The University of Massachusetts Amherst
University of Massachusetts Amherst

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Research Highlights

Byung H. Kim, a professor of mechanical and industrial engineering at the University of Massachusetts Amherst, is using a three-year, $272,719 grant from the National Science Foundation to develop a manufacturing process that imprints nano- and micro-scale features into a roll of continuously extruded material. Kim received the grant along with his research partner Donggang Yao, a professor at Georgia Tech and former UMass Amherst graduate student whom Kim supervised for master’s and doctoral degrees.

Researchers at the College of Engineering, led by principal investigator Yahya Modarres-Sadeghi of the Mechanical and Industrial Engineering Department (MIE), together with their collaborator at Northeastern University have received a $440,000 grant from the National Science Foundation to conduct intensive research on controlling wind turbine blade instabilities.

The UMass Amherst News Office reports that a team of engineers and computer scientists at the University of Massachusetts Amherst has received a three-year, $486,524 grant from the National Science Foundation for a project to enhance privacy in smart buildings and homes. The project is under the direction of David Irwin of the Electrical and Computer Engineering Department and Prashant Shenoy of the College of Information and Computer Sciences.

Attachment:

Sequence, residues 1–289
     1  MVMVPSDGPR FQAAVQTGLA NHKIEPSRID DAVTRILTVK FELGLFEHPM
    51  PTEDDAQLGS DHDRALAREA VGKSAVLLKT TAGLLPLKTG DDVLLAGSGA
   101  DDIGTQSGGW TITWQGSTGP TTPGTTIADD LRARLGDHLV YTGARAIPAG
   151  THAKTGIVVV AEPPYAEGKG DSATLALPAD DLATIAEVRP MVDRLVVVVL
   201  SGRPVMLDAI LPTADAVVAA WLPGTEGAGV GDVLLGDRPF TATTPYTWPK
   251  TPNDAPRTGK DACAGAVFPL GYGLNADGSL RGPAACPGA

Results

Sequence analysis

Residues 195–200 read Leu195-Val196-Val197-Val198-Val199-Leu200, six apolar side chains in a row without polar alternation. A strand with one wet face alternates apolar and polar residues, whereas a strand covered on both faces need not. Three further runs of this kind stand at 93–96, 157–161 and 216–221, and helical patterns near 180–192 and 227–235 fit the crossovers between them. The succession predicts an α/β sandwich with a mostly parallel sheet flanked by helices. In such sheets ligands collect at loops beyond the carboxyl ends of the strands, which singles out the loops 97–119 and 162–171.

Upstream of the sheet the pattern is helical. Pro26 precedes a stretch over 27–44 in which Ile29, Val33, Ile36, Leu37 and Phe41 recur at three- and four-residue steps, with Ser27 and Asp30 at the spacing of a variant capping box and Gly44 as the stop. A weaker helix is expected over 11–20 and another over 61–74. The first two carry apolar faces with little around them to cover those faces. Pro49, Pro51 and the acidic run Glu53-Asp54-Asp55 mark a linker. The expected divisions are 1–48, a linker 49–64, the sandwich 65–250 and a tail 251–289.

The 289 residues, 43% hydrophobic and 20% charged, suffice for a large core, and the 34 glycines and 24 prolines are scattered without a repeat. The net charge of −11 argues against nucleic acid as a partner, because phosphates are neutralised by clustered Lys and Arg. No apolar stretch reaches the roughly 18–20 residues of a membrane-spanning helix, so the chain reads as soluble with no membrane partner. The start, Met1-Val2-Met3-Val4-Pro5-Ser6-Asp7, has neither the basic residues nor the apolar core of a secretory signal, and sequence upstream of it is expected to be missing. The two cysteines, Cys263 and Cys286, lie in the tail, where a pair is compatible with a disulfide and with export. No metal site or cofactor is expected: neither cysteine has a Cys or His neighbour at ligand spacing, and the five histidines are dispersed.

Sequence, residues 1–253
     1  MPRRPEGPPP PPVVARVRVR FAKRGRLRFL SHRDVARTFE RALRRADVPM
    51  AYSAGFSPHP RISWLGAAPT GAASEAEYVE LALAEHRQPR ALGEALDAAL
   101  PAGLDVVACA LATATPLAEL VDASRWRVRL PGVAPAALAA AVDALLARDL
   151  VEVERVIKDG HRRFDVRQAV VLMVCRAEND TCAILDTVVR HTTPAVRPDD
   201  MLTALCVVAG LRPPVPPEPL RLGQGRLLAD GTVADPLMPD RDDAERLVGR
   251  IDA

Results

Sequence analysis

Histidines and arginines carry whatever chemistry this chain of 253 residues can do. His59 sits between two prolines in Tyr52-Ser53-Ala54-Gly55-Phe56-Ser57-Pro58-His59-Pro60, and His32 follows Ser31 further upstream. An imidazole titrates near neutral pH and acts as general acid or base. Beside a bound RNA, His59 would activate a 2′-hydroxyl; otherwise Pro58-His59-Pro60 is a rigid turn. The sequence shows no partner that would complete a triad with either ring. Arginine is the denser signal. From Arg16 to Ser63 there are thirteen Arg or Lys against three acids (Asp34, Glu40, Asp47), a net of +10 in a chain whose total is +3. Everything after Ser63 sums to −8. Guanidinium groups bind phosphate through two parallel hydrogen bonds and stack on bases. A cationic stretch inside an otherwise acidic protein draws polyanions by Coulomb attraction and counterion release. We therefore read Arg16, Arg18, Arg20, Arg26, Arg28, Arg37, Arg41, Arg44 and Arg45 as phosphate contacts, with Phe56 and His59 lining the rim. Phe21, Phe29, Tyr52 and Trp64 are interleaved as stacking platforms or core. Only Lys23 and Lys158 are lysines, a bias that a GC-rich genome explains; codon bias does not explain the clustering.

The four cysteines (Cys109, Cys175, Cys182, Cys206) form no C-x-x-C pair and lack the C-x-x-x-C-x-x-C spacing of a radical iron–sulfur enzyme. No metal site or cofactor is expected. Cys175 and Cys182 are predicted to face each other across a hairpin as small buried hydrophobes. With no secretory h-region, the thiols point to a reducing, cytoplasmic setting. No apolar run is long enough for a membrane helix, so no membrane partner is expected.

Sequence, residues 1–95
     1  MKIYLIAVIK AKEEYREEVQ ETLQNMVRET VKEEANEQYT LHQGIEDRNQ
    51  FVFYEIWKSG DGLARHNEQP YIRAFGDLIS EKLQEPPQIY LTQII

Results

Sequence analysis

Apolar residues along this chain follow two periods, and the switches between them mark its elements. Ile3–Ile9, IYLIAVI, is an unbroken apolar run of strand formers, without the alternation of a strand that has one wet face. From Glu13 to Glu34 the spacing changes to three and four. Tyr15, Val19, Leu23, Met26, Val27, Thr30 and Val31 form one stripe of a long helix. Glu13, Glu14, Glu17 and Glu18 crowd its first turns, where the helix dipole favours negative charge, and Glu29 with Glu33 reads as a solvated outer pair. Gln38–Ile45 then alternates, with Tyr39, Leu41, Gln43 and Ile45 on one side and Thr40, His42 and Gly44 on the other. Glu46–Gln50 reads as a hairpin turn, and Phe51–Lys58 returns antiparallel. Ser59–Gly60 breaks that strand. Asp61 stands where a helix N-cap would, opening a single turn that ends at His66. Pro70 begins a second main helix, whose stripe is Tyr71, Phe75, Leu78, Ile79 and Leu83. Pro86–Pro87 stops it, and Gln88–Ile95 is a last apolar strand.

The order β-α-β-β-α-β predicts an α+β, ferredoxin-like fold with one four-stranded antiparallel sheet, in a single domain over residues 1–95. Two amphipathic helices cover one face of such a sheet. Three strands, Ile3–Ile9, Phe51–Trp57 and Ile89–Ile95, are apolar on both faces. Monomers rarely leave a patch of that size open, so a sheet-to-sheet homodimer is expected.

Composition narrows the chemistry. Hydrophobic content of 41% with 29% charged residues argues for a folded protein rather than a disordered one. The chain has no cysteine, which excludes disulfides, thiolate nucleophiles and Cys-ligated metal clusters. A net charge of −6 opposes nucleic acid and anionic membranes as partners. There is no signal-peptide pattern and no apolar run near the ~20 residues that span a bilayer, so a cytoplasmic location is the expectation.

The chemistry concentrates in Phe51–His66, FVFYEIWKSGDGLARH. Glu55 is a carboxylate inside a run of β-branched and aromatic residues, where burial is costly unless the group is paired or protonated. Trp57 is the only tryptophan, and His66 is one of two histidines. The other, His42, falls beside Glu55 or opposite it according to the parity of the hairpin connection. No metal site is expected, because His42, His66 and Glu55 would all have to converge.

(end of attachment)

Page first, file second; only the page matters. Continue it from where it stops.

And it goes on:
Ph.D. student John Logan of the Electrical and Computer Engineering (ECE) Department won the “Best Student Paper” Award at the 39th Allerton Symposium on Antenna Applications, held from September 22 to 24 in Monticello, Illinois. Logan’s faculty advisor is ECE Professor Marinos Vouvakis, and the title of his winning paper was “Low Cross-Polarization Single-Polarized Vivaldi Arrays.”

Researchers at the University of Massachusetts Amherst College of Engineering have designed an invention that would make it feasible, practical, and economical to install life-saving seat belts on some 30,000 motor coaches nationwide that venture on the road without seat belts.

A feature story in the Daily Hampshire Gazette recently focused on the work of Shelly Peyton, chemical engineering, and her work developing chemotherapy drugs by studying how cancer cells respond to drugs in an environment that mimics human tissue. Peyton and her team of researchers create artificial tissues that realistically mimic various human organs, then test how cancer cells placed in these tissues respond to chemotherapy drugs.

Two researchers at the University of Massachusetts Amherst are aiming to create better fitting, more functional, and comfortable robotic lower limbs for amputees, especially those over 65. Principal investigator Frank Sup of the Mechanical and Industrial Engineering Department and Brian Umberger of the Kinesiology Department have received a $630,331 grant over three years from the National Science Foundation (NSF) to develop these revolutionary robotic prostheses for below-knee amputees.

Professor Zlatan Aksamija of our Electrical and Computer Engineering Department is a co-principal investigator for a multi-disciplinary team of researchers from the University of Illinois at Chicago (UIC), MIT, and UMass Amherst that has received a National Science Foundation (NSF) $1,999,966 grant to study the heterostructures of 2D materials and their thermal properties.

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